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Board Game Review: ‘Bugs in the Kitchen’

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The HEXBUG nano is a hot item this year as engineering applications catch up with invention. It is a surprisingly complex little device with an offset motor that causes movement from vibration. On hard surfaces, it skitters, changes direction, and can even flip over if tumbled onto its back, creating the illusion of a living creature when it is really just a seemingly random engine.

bugsinkitchenToy master Ravensburger, known for its smart games promoting learning and especially science education, has launched a game that is as fun as it is as clever of an application of technology: Bugs in the Kitchen. Using the illusion of the HEXBUG nano as an actual beetle, the theme of the game is genius in its simplicity. “Bugs” have invaded the kitchen, and it is up to the players to trap them.

The production value of Bugs in the Kitchen is top notch. It is one of the few games to use the box as part of the board, making a sort of arena for the bugs to roam. It requires some assembly, clicking pieces together and ensuring the kitchen floor board sticks firmly into the plastic via connections that also hold movable guide-walls in the shapes of knives, forks, and spoons. Once the assembly is complete, however, it fits in the box perfectly, decreasing set-up time from game-to-game.

Gameplay in Bugs in the Kitchen is straightforward, yet the arrangement of the utensil walls gives unending variety to the possible moves. Each player picks one of the four traps on the edges of the box, and the walls are placed in a particular beginning arrangement. When the bug is dropped in, each player takes turns rolling the die to determine what utensils may be moved. Players must strategize, yet also be lucky, to guide the bug into their own traps. While turn-based with each player rolling the die, it is also partially real-time as the HEXBUG nano is constantly on the move, making players reevaluate their strategies.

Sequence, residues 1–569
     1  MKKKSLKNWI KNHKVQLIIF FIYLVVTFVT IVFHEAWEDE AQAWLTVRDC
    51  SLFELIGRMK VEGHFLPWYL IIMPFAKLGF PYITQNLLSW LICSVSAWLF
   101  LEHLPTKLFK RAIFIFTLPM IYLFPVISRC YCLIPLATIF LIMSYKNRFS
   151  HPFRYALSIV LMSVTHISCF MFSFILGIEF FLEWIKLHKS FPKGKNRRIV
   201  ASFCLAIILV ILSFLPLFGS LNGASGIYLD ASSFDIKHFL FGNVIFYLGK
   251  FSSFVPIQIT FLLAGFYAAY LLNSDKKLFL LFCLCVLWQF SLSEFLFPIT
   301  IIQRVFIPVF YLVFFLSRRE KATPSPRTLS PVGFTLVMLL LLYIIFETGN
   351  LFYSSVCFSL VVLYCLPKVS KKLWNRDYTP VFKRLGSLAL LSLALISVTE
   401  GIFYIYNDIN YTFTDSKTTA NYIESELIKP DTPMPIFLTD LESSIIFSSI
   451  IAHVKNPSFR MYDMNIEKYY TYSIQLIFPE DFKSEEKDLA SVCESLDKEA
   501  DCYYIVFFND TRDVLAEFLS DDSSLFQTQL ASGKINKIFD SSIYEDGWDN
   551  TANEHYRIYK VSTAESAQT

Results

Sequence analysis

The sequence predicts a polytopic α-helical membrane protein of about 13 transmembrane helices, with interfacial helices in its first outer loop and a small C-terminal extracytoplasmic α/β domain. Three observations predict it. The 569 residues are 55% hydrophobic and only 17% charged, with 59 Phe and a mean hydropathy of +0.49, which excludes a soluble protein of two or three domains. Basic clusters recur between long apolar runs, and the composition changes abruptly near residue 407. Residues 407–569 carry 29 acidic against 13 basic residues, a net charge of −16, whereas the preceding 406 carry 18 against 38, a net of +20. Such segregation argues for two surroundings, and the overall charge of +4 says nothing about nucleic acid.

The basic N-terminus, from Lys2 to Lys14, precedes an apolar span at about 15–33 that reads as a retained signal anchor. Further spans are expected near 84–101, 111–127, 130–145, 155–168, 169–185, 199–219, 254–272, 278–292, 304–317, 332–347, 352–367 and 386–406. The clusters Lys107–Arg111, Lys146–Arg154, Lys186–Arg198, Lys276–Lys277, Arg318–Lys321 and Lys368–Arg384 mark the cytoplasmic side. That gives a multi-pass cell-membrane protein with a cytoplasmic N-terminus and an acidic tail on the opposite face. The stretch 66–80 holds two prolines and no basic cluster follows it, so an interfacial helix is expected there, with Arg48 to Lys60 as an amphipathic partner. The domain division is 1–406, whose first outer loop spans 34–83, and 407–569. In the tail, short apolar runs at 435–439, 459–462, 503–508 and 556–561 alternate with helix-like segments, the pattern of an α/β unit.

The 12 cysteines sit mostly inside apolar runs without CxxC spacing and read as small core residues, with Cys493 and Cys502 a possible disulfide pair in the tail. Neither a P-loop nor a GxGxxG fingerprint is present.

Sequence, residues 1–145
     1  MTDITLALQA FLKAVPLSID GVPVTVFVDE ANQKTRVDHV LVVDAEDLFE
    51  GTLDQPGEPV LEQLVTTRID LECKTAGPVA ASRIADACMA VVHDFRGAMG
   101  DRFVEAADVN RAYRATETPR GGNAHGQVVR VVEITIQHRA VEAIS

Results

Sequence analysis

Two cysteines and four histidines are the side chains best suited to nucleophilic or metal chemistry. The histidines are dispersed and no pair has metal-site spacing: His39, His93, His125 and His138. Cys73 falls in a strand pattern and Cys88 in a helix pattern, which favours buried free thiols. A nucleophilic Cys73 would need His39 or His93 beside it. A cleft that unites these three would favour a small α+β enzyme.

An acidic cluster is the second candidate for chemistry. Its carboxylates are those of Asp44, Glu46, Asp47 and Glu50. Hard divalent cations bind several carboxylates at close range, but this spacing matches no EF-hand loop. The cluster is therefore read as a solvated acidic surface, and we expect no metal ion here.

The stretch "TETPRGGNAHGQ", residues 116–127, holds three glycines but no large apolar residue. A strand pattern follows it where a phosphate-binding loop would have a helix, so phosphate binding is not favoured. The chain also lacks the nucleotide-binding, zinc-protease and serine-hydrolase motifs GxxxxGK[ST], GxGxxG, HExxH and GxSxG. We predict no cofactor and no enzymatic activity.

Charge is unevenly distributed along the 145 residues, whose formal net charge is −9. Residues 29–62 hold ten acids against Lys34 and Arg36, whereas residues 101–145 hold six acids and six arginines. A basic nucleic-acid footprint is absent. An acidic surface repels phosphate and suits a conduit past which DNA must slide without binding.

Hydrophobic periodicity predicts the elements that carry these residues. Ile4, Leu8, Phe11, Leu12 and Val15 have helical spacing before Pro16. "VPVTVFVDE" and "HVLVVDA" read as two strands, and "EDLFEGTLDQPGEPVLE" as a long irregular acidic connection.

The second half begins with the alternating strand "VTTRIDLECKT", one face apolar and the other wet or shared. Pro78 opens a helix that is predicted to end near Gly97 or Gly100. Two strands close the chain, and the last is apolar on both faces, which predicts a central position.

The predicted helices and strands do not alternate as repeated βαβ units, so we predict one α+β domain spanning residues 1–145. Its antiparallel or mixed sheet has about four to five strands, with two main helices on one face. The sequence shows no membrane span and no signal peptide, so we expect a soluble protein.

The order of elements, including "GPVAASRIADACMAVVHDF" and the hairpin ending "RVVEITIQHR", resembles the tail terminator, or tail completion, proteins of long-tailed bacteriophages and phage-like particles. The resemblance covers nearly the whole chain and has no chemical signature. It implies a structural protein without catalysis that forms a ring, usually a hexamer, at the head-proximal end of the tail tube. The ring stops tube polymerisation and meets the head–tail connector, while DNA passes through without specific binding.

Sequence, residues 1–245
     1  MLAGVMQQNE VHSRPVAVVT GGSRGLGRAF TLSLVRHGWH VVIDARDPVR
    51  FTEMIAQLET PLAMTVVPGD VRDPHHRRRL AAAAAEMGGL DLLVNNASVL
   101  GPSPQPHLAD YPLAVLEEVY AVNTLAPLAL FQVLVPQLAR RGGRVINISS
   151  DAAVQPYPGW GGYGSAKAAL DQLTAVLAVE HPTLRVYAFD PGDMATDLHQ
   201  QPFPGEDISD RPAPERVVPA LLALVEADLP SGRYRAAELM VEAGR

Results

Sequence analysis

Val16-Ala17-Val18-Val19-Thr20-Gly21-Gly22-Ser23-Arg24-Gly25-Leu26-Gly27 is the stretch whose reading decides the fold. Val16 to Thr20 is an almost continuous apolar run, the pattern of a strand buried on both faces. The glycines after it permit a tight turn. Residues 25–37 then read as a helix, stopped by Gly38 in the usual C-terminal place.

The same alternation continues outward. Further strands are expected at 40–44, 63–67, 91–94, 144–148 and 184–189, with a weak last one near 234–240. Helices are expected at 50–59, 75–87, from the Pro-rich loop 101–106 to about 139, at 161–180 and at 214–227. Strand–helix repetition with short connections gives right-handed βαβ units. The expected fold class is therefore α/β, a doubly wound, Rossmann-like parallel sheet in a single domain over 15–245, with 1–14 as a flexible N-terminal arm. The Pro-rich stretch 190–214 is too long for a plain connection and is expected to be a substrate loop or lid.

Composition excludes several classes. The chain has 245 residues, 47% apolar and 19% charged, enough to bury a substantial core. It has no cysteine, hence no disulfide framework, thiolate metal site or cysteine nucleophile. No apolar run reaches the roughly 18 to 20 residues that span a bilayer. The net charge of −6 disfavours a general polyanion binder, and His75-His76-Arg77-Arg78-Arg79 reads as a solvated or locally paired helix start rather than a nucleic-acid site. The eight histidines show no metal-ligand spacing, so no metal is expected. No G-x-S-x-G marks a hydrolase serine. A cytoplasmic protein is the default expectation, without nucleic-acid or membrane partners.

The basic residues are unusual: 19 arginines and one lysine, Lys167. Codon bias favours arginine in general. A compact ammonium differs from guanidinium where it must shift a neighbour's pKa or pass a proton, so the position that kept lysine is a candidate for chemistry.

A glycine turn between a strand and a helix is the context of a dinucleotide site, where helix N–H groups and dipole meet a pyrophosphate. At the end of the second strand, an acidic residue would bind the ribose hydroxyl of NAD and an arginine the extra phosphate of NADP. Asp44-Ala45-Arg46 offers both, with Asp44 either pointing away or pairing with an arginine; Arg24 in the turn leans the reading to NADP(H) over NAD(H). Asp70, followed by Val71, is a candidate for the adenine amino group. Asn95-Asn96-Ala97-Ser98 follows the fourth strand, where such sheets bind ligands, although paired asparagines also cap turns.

The game is somewhat loud due to the hollow nature of the board as the HEXBUG nano chitters on it, but the sound is aesthetically fitting to the game. It brings up a gut-wrenching thrill as seeing a bug in one’s own kitchen and makes players eager to catch it.

Bugs in the Kitchen is a game for two to four players aged six and up. It is a relatively short game, taking only 15 to 20 minutes, and the individual rounds may last a few minutes at most. Those minutes are filled with excitement, and Bugs in the Kitchen will have players coming back again and again for more rounds.

For additional thrill, add more HEXBUG nanos into the mix, and watch the bugs go crazy and the players squeal as they eagerly try to trap them all.

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About Jeff Provine

Jeff Provine is a Composition professor, novelist, cartoonist, and traveler of three continents. His latest book is a collection of local ghost legends, Campus Ghosts of Norman, Oklahoma.